John August Swanson (Courtesy of the Swanson Studio)

The Mexican-Swedish-American artist John August Swanson died in September in Los Angeles, his hometown, the city he loved. I have a special connection with him and his work. Swanson’s 2007 serigraph The Procession hangs above my ofrenda, a traditional Mexican home altar used for prayer. The serigraph was a gift from my mother-in-law, who purchased it after a visit to Los Angeles in 2019. At the time, the Cathedral of Our Lady of the Angels was hosting an exhibit of Swanson’s painting, and I was collaborating with him on a series of talks about the transformative power of art in faith and social justice. It was just months before the pandemic forced Los Angeles into its initial lockdowns.

John August Swanson, ‘The Procession,’ 2007 (Courtesy of the Swanson Studio)

Swanson told me he was inspired to paint The Procession after a profoundly spiritual experience at a procession at San Xavier del Bac Mission in Tucson, Arizona, on the Tohono O’odham Nation San Xavier Indian Reservation. Being among the native people and the large Mexican community of that region, he said, and witnessing their dancing, their joy, and their faith, had made an indelible impression. The Procession depicts a community streaming out of a cathedral, holding candles, singing, and playing tambours and other stringed and wind instruments. Some carry banners that, together with adjacent images on the cathedral’s facade, make up a mosaic of fifty-four smaller scenes from the Old and New Testaments, as well as images of the saints. The people are moving tightly together, with little space between them, evoking a unifying moment even as they seem to be an extension of the cathedral’s wide-open doors. There’s a starry sky overhead, as vivid as the rest of it all: The Procession is alive and joyful with eighty-nine individual vibrant colors.

I decided to hang The Procession instead of a crucifix above my ofrenda precisely because I find it so moving as a depiction of the body of Christ. And as the early months of 2020 unfolded, it offered the comfort and hope I needed. Holy Saturday of 2020 was an especially difficult time. We were several weeks into the pandemic lockdown and all liturgical celebrations were being streamed. For years I had accompanied adults in the RCIA process, which culminates with their baptism and full initiation into the Church at the Easter Vigil. This year would be different. There would be no gathering of the faith community, no procession of people with candlelight, and no gathering around the waters of baptism. Instead, we would gather virtually, and initiations would be put on hold. My state of mourning was distracting me from the joy of resurrection. So I focused on The Procession, there above the ofrenda, and I felt myself invited to contemplate the mystical presence of the faith community I was missing. For a moment I felt their closeness.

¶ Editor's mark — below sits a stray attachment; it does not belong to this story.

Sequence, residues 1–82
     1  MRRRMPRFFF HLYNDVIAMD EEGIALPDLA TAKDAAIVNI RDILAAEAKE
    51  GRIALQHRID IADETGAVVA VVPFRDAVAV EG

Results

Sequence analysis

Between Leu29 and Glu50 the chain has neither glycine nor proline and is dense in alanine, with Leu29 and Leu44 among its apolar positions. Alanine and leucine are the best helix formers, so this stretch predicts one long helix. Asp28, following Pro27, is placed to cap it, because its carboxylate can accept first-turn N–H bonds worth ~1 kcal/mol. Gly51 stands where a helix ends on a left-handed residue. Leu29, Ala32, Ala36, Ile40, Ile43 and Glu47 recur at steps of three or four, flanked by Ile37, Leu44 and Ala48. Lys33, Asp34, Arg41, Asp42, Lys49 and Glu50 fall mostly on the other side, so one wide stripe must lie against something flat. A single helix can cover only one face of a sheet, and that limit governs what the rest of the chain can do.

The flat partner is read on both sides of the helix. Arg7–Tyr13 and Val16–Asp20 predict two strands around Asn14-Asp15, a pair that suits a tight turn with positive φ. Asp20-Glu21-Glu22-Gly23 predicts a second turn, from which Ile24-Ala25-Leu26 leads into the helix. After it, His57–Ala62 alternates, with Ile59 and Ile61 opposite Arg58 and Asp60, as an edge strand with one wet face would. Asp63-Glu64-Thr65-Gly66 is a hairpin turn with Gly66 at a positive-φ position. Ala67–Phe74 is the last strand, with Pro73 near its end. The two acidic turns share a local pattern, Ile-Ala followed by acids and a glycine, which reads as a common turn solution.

As the months passed, The Procession continued to help me think about the many ways in which God’s children gather. Through the Black Lives Matter protests following the murder of George Floyd, it kept me grounded and in solidarity with the blessed who seek justice. And as deaths from the pandemic continued to rise, The Procession invited me to be present to the pain of families mourning loss, and to remember that though they may be distant and unfamiliar to me, they are also a part of me. The Procession called me to seek comfort in the stories of faith depicted in its banners and on the walls of its cathedral. And still, each morning, it reminds me that we walk together, that we share our suffering and our happiness, that we are truly one though many.

Swanson’s work gives us a glimpse into the multicolored joy through which God gazes at creation. And those who knew him knew what it was like to be seen through the eyes of someone who understood that joy. Swanson would always refer to The Procession as his life’s great work. The original acrylic painting was completed in 1982 (and is part of the Vatican Museums’ Collection of Modern Religious Art); the images depicted within the smaller fifty-four images in The Procession themselves became larger paintings he completed in the years that followed. Swanson revisited The Procession in 2007 and completed this second version as a hand-printed serigraph.

One of the people among the crowd in The Procession stands out: in the lower right-hand corner there is an older man amid the people, his arms raised. He is the only person facing in a different direction, looking behind him as if in awe at the crowd processing from the cathedral. It is, of course, John August Swanson himself. This is the way he lived his life, in awe of God’s creation, in awe of all people. Through his art he invited us to contemplate the world with arms raised in praise and in awe of its sacredness. May he continue to do so.

Claudia Avila Cosnahan is the Mission & Partnerships Director for Commonweal and an instructor and consultant for the Archdiocese of Los Angeles.

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